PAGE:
Are you a Democrat overjoyed that the congressional gerrymandering battle coming to a head this week in Pennsylvania may seem to be going your party's way?
Well then. A bit of friendly advice.
Step away from the adrenaline.
Because whether this epic battle ends in the next few days or weeks with maps that look good for your party or not, 2018 will be a bloody electoral year. And Democrats already are drawing blood from each other instead of the other party.
Not a great omen.
It's happening as Democrats still work to claw their way out of the colossal mess their leaders made of the party at the grassroots due to years of neglect and apathy. For years, they basically stopped running real candidates in tons of state and local races while Republicans assembled a political killing machine. With this focus, the GOP won two-thirds of the nation's legislatures — and the right to draw the very congressional districts under fire in Pennsylvania and beyond.
Democrats got a boost in November with huge successes in local and county races across the suburbs of Philadelphia.
Another gust of wind is behind them with Gov. Wolf on Tuesday rejecting a new congressional map proposed by the same Republicans whose old map was found to be unconstitutionally biased in favor of the GOP. (The state Supreme Court, which has a majority of Democratic justices, paved the way. Another cha-ching.)
But unity remains elusive for the party whose ugly presidential primary in 2016 led to Hillary Clinton's being mortally damaged on Election Day after Bernie Sanders supporters — embittered that the party had shafted their man — left her high and dry.
A similar rift may be forming in Pennsylvania just as Democrats prepare for this year's congressional, gubernatorial, and state legislative races.
Given how they hope to take back control of the U.S. House, this is not so great timing to be having another family feud.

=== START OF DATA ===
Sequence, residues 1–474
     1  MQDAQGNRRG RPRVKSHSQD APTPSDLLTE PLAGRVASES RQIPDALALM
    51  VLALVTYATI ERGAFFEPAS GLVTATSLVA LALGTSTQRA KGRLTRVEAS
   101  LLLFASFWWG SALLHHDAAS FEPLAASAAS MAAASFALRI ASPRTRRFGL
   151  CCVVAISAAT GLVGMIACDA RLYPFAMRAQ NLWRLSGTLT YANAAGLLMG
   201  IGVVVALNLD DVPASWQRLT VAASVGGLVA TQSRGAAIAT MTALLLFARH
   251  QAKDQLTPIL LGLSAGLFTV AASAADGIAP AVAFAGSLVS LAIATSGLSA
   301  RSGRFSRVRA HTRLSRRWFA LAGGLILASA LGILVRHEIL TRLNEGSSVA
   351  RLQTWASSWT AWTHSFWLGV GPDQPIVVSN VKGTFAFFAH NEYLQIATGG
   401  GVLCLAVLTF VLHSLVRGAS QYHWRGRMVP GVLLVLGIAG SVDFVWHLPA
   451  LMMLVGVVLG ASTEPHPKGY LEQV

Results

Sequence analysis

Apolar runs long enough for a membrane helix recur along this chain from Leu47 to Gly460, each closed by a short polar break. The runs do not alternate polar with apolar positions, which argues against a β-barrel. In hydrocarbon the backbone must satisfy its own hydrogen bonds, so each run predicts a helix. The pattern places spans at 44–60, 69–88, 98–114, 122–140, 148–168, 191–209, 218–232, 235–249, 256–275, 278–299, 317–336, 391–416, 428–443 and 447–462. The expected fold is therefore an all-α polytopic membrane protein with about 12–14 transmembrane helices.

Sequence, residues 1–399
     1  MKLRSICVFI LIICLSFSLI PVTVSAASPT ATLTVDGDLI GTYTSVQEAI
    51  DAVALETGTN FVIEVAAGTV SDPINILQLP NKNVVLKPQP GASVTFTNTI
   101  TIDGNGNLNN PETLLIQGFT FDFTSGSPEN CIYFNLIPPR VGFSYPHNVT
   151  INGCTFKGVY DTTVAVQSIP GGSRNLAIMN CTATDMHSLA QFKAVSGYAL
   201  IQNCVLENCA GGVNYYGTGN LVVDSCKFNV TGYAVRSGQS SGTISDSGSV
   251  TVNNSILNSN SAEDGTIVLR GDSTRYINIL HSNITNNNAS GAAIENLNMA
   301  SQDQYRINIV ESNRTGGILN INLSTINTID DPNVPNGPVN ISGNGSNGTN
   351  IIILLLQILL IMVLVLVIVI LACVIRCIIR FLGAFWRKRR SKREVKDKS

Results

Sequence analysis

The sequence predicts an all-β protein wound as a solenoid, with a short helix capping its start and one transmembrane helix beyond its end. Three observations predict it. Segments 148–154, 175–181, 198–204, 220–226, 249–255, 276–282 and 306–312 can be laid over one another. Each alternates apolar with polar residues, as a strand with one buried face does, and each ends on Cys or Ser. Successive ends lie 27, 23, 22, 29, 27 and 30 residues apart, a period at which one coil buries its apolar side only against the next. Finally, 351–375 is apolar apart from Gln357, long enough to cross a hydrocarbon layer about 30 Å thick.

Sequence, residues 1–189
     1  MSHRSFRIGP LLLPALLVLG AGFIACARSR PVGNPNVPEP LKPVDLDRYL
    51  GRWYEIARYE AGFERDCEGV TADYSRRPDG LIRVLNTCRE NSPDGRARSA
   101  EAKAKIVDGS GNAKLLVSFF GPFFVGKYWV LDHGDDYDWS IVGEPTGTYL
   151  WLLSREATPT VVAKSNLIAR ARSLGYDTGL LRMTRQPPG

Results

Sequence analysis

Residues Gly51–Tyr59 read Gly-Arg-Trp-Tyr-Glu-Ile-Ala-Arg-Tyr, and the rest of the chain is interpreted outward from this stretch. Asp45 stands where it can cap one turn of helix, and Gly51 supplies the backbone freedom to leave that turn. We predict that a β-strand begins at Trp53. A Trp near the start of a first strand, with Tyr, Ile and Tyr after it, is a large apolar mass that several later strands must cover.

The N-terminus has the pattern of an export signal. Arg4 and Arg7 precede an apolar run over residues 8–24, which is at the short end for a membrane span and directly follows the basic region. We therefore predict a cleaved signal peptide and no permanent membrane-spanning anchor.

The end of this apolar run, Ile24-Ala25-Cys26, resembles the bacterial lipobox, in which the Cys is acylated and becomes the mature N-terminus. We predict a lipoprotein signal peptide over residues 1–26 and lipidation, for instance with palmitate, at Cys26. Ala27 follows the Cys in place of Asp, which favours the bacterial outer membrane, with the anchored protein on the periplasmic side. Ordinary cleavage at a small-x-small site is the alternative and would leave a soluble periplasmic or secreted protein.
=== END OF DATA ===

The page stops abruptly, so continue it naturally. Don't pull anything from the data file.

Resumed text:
On Tuesday, candidates hoping for a spot on the primary ballot began circulating nominating petitions requiring enough signatures for the privilege to run.
The good news: The number of people in line to run is huge — the party hasn't seen anything like it in years.
The bad news: There's been grumbling by restive newcomers, whether in Bucks or Delaware Counties, that they want a say over who runs in big races.
The very idea that the party would be choosing someone based on "electability" is, to some, repulsive.
The newcomers, many of whom are women disgusted with President Trump, gave the party an injection of new life. Now, they want to see people like them — not party favorites — backed to run for the state's 18 congressional seats.
A lot is at stake. A whopping 13 of the state's delegation are Republicans thanks in no small measure to gerrymandering. Oh — and not a single one of Pennsylvania's 18 congressmen is a woman.
The noise from newbies is causing hand-wringing among party officials even as the party watches closely as Republicans tangle with Wolf and the Supreme Court over what the state's congressional districts will look like before primary day.
"This is what we're grappling with," State Rep. Leanne Krueger-Braneky of Delaware County told me in an interview Wednesday.
Krueger-Braneky is a rising star and cochair of the state House Democratic Campaign Committee. A huge force working to recruit women candidates statewide, she has been meeting to help screen potential candidates for the Seventh Congressional District held by Republican Rep. Pat Meehan.
The line of people looking to run against Meehan is so long it's almost like the line for Space Mountain at Disney World.
"I'm the only Democrat in Delaware County not running for Congress," Krueger-Braneky said in a bit of a wisecrack.
And that was even before Meehan scorched his incumbency last month with a sexual-harassment scandal defense involving the words soul mate.
Krueger-Braneky says these people need to be listened to, can't be alienated. And yet, the party needs to be shrewd in backing candidates who can raise money to match the ferocious GOP fund-raising machine.
But are others in the party treading as carefully?
State Democratic Party Chairman Marcel Groen found out the hard way that old ways do not work with the party's new members. The Montgomery County kingmaker resigned as party chief earlier this month amid criticism over his less-than-zero-tolerance response to sexual-harassment allegations involving Democrats in the state.
Women and progressives were furious that he did not share the same outrage as the governor over recent revelations of alleged misconduct involving several party veterans in the state legislature.
At a state party meeting Friday in Harrisburg, leading elected Democrats did not dwell on the turbulence. Krueger-Braneky was among the speakers.
"The message that every one of us carried at the podium," she said, "is that we need to fight."